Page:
A priest brought a sheet of papyrus before her and knelt, raising it to her. Another, bowing, offered up a stylus. She took it up and, with a decisive stroke, struck out the first name on the sheet.
“The Asiatics who know not Amun, whom your father Thutmose, the Justified, drove from the Lands, shall never again trouble your glory.”
The priests of Amun took up her words, and chanted incantations against the hated oppressors of old. A senior priest stood next to her and wrote inscriptions over the line she had drawn, words of prohibition and warning.
The senior priest withdrew and the God’s Wife drew a line through the second name on the sheet.
“The Mitanni in the land of the Two Rivers shall not raise a hand against you in fear of your power.”
She went down the list, each striking of a name prompting the ritual response and sealing with the holy inscriptions, until she reached the last.
“The miserable Kush who know again your glory will give tribute again and smell the earth before your sandals, and the prosperity of the Land is assured!”
The striking was sealed a last time with ritual, and the priests went in a procession about the chamber, thanking Amun for the victories he had granted the King, chanting her titles and praising the glory she had brought to the gods. Thutmose in his throne frowned and his shoulders slumped, though the look he gave Neferure was warm with admiration.
Neferure raised her gaze to her mother’s face and for a moment their eyes met, Hatshepsut’s crinkling in a smile of pride and Neferure’s losing, for a moment, the shadow of sadness.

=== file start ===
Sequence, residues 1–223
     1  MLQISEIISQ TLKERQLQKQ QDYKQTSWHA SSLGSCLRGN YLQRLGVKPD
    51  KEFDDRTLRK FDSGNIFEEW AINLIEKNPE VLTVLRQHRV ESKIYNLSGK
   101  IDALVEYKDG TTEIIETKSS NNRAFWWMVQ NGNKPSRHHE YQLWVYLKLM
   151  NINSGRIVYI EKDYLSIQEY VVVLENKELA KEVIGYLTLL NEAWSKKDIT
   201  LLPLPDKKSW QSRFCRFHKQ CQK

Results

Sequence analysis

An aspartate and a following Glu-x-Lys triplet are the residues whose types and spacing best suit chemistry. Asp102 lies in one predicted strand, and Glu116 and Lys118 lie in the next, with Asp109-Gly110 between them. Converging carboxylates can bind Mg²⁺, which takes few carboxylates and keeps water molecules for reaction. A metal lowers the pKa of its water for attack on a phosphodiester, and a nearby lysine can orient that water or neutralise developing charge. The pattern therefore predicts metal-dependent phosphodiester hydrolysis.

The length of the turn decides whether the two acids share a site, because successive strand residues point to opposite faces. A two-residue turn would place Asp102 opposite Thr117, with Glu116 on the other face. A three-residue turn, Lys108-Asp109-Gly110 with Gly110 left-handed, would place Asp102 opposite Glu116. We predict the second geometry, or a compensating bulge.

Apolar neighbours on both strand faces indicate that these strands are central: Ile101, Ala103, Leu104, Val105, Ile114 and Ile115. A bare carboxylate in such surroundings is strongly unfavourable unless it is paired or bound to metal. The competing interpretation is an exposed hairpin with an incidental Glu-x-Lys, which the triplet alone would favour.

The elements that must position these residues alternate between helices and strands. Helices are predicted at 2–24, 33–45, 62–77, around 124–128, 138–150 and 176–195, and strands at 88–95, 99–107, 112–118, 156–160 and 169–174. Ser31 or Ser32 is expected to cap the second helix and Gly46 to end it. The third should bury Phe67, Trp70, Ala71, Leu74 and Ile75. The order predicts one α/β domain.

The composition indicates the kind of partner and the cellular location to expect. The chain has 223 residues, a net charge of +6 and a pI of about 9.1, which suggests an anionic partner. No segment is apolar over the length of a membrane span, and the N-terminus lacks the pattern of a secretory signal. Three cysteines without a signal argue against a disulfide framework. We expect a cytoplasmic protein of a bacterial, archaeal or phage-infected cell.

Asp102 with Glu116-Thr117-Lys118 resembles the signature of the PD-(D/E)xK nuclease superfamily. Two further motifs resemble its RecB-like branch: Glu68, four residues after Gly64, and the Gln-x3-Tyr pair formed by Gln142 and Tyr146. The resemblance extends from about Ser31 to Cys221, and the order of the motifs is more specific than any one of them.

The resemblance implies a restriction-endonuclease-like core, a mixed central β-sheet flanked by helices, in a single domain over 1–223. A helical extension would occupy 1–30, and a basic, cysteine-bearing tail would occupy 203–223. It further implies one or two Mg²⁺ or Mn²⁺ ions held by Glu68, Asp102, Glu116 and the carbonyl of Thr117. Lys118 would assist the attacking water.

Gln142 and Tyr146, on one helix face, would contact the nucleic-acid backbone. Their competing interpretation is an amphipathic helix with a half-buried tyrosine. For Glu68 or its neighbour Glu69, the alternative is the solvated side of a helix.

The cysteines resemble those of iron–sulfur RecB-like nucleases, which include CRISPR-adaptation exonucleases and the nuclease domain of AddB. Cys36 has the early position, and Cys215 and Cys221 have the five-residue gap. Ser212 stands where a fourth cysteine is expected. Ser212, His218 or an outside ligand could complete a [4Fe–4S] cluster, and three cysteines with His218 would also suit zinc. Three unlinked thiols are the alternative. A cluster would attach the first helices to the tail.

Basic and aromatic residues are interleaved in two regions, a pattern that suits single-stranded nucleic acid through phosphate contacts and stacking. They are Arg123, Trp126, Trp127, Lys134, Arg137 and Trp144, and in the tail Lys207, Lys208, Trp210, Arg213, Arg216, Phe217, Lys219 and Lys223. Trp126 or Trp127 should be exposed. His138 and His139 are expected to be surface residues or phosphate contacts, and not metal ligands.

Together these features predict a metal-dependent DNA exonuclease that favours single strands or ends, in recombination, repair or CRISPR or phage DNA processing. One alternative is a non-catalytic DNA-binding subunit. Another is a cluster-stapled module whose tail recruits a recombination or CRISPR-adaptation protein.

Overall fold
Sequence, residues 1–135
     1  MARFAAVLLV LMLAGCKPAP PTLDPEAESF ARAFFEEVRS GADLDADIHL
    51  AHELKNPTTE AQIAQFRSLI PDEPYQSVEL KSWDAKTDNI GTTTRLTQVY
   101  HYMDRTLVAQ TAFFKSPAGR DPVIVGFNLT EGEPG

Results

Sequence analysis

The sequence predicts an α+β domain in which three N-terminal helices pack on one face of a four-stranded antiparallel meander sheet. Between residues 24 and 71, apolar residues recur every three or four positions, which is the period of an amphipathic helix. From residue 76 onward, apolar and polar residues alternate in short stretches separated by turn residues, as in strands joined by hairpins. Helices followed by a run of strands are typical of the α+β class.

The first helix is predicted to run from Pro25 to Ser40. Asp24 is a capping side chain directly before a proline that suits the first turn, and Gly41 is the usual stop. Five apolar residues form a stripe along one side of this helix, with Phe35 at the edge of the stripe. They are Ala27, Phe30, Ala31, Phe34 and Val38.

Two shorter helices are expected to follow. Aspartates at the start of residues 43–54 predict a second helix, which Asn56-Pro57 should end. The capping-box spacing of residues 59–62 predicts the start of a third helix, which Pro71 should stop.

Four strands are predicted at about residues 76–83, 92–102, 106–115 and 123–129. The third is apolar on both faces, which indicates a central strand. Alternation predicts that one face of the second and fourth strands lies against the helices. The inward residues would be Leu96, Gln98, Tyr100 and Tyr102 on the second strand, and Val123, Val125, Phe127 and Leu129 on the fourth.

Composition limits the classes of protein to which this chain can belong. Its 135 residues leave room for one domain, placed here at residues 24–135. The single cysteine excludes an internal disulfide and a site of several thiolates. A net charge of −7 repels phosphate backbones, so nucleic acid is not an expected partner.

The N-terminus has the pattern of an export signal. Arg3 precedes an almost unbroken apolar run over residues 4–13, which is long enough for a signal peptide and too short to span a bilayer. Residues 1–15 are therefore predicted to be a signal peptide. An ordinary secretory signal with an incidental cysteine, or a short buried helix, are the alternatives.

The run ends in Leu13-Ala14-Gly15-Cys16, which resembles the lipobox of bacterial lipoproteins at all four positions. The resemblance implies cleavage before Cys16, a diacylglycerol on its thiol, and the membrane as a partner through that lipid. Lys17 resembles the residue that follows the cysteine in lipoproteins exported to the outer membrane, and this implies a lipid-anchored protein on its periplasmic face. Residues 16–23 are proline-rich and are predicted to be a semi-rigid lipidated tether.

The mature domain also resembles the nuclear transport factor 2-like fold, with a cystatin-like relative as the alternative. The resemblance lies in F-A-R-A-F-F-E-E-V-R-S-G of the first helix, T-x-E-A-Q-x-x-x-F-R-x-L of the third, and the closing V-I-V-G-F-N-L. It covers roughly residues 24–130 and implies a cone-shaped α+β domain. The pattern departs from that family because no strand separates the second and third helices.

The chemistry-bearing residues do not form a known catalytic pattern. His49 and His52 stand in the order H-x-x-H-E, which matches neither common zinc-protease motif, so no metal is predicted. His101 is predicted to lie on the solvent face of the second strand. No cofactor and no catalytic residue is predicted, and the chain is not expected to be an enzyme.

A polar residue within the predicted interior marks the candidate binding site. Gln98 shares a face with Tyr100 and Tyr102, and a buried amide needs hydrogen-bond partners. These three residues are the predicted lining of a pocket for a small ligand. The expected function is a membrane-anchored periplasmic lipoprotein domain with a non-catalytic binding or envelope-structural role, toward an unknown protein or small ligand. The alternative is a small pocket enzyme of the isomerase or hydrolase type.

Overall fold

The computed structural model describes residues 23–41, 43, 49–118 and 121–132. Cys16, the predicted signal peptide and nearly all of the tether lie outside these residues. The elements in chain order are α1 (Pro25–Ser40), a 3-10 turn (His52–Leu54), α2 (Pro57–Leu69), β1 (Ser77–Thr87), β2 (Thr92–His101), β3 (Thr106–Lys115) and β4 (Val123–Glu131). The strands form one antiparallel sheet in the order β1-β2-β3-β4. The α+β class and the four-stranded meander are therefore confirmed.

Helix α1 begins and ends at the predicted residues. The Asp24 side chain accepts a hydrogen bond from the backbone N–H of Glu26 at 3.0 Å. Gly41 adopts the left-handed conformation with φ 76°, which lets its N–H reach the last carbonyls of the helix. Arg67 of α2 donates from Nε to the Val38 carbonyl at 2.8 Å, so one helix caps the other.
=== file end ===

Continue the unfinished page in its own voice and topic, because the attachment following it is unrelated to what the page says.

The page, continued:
Senenmut, bent over plans and writings at his desk, looked up at the proclamations of “the God’s Wife of Amun, Great Royal Wife, Hereditary Princess Neferure.” He rose to his feet as though from a dream, his face still dazed from deep thought.
“And here I catch you at your work again. Does Mother keep you very busy?” Neferure entered and came up to him, smiling.
“I was only reading over the plans a last time before dispatching them, my lady.” He put her arms around her and kissed her forehead.
“So these are the plans!” Neferure walked over to the desk, looking over the sheets that cluttered it. “How grand it must be to gaze upon them completed.”
“That you will soon, when it is complete and opened for the inspection of Her Majesty, Life, Health, and Strength be to Her.”
“Perhaps.” Neferure’s face closed off. “Father-tutor, dear, you work day and night for her glory, and she has shown you her favor in turn. You would do anything for her, would you not?”